I found the first response very interesting because it was true for me at various times in my childhood and teen years. It was mostly true between ages twelve to eighteen and I attribute the major reason for my social difficulty with family members to the dysfunctional nature of the family in which I grew up. I’ve found that dysfunctional families can be the worst in regards to enforcing conformity to “status quo” — I believe that this tendency belies an attempt to hide the dysfunction from outsiders and thus any behavior construed to be even remotely weird, quirky, or out of the norm is regarded with suspicion or actively discouraged. While no exact data is available on the number of autistics who might have grown up in a dysfunctional family system, I imagine that it would be easy (albeit ethically and morally wrong) for other family members to cast them into the “scapegoat” role due to the perceived odd behavior and other challenges that come with autism spectrum conditions.

Q6. Frequency of Mimicking the Social Behavior of Others

Survey respondents were asked how often and how much they mimicked the social behavior of others as a child and/or teenager. Most autistic women in the survey reported a moderate amount of social mimicking (40.67%) and 32.54% reported a great amount of social mimicking. Some respondents reported a minimal amount of mimicking (12.44%), while 7.18% said that they were not interested in mimicking the social behavior of others. Less than 1% of respondents (.96%) reported that they did not mimic others’ social behavior at all.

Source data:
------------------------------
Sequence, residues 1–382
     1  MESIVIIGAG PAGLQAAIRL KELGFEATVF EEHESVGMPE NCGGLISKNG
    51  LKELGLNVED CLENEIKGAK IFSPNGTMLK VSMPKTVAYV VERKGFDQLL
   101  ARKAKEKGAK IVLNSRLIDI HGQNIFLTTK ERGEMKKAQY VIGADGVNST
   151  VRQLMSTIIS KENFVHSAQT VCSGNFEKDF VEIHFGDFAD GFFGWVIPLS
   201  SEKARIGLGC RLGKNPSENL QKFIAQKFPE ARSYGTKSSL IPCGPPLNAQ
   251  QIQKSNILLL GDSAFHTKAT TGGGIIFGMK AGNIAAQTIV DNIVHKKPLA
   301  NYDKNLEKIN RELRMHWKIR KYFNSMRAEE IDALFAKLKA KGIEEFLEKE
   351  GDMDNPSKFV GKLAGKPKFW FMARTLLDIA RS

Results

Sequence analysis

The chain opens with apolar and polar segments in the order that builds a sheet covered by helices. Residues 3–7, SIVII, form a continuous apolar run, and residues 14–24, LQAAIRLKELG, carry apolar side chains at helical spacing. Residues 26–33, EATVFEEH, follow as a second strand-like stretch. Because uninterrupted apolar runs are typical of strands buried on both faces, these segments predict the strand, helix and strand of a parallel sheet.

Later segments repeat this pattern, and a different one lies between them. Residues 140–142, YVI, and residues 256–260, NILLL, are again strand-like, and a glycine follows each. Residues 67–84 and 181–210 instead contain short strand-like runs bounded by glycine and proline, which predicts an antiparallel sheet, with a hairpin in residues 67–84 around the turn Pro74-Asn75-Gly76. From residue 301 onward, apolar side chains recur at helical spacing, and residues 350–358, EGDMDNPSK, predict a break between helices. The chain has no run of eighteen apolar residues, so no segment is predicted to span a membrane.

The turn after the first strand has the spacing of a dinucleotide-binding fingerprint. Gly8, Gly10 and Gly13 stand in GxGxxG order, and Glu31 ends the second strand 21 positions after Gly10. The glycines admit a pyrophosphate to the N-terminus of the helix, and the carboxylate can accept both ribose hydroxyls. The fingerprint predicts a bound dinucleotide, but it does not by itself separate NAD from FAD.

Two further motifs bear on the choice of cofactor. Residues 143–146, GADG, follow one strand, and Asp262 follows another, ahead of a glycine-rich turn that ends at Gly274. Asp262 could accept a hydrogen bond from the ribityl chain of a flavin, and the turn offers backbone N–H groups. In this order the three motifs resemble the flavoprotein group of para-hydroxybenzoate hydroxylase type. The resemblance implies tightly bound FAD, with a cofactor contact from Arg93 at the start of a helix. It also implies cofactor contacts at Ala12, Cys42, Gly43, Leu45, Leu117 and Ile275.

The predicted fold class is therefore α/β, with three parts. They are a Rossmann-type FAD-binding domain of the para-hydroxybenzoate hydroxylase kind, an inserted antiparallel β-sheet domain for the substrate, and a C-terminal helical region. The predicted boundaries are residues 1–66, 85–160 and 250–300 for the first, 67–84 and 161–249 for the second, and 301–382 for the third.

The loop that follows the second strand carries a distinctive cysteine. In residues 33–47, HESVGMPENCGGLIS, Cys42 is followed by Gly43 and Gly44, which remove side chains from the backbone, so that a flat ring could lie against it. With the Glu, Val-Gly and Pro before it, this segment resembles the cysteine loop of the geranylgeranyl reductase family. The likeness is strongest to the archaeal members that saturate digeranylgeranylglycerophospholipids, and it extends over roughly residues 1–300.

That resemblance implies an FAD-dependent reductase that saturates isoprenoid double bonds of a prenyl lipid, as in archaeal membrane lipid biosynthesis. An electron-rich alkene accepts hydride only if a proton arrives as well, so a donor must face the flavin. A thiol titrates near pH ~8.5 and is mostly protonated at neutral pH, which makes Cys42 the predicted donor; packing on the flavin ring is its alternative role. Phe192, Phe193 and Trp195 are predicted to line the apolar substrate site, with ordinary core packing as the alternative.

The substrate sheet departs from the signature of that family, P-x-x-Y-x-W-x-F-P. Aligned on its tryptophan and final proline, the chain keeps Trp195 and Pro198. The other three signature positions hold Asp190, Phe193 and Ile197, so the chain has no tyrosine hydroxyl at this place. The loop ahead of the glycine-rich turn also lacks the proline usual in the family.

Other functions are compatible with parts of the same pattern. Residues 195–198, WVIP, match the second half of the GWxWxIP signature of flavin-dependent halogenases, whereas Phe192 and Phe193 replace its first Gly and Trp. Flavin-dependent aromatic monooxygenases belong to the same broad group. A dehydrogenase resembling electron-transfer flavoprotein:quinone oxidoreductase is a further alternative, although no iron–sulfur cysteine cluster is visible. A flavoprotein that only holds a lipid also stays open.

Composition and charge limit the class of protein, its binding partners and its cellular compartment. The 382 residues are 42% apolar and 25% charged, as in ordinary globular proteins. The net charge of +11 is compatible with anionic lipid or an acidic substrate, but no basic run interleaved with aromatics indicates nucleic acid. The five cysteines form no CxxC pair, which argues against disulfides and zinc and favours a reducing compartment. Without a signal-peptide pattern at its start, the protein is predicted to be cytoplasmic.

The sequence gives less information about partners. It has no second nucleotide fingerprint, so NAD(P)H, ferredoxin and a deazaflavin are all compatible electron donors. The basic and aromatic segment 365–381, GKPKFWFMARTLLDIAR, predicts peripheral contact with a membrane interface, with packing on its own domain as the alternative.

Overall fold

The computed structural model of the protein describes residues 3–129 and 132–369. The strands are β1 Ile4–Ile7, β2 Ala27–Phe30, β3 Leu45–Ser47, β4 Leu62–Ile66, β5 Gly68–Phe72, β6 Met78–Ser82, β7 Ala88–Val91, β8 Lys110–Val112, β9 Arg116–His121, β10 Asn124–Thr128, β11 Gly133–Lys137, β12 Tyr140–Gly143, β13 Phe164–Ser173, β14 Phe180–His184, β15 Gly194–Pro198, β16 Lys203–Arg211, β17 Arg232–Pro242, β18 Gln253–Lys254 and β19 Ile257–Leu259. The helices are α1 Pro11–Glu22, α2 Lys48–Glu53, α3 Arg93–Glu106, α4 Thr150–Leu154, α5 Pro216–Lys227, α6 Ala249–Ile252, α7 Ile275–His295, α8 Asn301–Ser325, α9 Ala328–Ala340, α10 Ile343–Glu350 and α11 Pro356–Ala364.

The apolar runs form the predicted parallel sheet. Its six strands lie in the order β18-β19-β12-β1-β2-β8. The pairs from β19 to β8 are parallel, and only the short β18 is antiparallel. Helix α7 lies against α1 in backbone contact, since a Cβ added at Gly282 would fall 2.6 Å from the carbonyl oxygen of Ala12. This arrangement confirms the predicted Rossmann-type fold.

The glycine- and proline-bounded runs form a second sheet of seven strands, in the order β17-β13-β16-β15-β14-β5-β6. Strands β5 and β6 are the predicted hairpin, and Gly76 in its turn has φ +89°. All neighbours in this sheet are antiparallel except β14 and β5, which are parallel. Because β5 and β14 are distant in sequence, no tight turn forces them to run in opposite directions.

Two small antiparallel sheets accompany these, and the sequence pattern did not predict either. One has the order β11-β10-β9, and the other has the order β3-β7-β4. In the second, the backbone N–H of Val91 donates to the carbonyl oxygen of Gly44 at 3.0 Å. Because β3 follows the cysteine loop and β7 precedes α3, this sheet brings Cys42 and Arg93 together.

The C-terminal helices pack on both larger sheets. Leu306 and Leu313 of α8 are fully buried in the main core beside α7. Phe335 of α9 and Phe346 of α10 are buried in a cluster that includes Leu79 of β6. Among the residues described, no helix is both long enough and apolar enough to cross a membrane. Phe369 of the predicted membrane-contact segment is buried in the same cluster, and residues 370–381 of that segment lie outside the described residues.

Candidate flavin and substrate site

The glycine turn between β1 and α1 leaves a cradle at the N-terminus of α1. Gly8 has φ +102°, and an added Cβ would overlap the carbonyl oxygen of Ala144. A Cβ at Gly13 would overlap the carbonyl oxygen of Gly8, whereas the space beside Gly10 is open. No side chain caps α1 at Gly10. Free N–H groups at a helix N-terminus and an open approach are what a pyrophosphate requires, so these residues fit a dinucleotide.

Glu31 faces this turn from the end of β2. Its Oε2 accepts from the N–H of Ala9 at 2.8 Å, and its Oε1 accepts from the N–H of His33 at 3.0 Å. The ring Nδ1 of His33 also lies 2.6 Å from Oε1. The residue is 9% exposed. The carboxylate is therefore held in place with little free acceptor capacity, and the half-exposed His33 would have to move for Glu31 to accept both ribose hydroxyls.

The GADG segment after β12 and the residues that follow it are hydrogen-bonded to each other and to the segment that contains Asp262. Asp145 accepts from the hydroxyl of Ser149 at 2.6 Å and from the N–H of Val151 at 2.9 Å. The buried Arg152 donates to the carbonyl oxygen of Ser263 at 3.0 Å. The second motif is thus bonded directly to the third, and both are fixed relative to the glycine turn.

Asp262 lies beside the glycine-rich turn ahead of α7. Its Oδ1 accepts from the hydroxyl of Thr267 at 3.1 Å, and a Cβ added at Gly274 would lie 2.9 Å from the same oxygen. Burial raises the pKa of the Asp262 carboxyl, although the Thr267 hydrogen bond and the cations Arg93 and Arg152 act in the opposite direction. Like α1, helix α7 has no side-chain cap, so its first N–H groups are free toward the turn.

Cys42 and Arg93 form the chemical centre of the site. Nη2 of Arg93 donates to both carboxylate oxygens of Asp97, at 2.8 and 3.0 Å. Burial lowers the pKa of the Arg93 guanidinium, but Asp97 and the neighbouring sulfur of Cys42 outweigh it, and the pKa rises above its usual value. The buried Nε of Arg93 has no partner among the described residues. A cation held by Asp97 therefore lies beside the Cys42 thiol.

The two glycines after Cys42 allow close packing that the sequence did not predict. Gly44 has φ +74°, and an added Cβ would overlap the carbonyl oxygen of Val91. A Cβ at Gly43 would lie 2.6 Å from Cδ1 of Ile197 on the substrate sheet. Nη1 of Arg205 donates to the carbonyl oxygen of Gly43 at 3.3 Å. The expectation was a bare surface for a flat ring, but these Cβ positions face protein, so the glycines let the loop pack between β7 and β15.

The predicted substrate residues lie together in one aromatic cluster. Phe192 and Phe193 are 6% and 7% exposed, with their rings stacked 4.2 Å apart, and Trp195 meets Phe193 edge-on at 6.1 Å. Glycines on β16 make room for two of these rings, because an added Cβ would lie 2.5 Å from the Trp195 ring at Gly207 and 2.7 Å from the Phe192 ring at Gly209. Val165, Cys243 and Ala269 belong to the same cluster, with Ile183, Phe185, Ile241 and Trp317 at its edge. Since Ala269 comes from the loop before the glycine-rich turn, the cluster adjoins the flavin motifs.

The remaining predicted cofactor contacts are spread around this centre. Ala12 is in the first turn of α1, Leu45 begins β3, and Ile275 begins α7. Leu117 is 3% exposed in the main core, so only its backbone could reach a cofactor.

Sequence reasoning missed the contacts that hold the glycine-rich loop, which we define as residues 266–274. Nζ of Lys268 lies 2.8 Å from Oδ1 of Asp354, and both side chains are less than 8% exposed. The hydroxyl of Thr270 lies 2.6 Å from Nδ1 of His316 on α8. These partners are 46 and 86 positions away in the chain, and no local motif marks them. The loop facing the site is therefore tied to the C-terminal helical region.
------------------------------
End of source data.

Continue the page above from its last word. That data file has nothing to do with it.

6.22% of respondents chose the “Other” option and provided some interesting answers when asked to write in:

  • “This, of course, was different from my mid teens when my autism developed into Asperger’s Syndrome. From age 22, I was made aware of the importance of making (or faking) eye contact, faking certain body language, etc. – as an adult, I mimic much more.”
  • “I mimicked to a very small degree as necessary, but I was not interested in doing so. Only did because it was necessary.”
  • “I didn’t realize I was doing this until recently, when I look back.”
  • “I didn’t even realize that there WAS any social behavior that I could have mimicked.”
  • “I did not seem to pick up behavior ‘in person’ well at all. I did learn some mannerisms from fictional characters in books.”
  • “Again I was too socially aloof to even know there was a requirement or that I was not like everyone else.”
  •  “100%, that’s all I did. Every action was a concerted effort at pretending to be the people around me.”
  • “I didn’t start mimicking until I was in my mid twenties.”
  • “Just observed as a young child; began to try out hypotheses about how to act at about age 6; have continued that approach lifelong. Do, observe results, modify or not.”

The results to Q6 indicate that a large percentage of survey respondents moderately or greatly mimicked the social behavior of others as children and teenagers. One might look at the amount of social mimicry as a continuum, with more of respondents skewing towards frequent mimicking.I’m being careful not to draw larger conclusions, but I find it this result very interesting. Might the large percentage of social mimicking, if translated into the same results for the larger population of autistic women, be one of the reasons many of us missed diagnosis? Dr. Tony Attwood seems to think so, but I think this question should be explored further.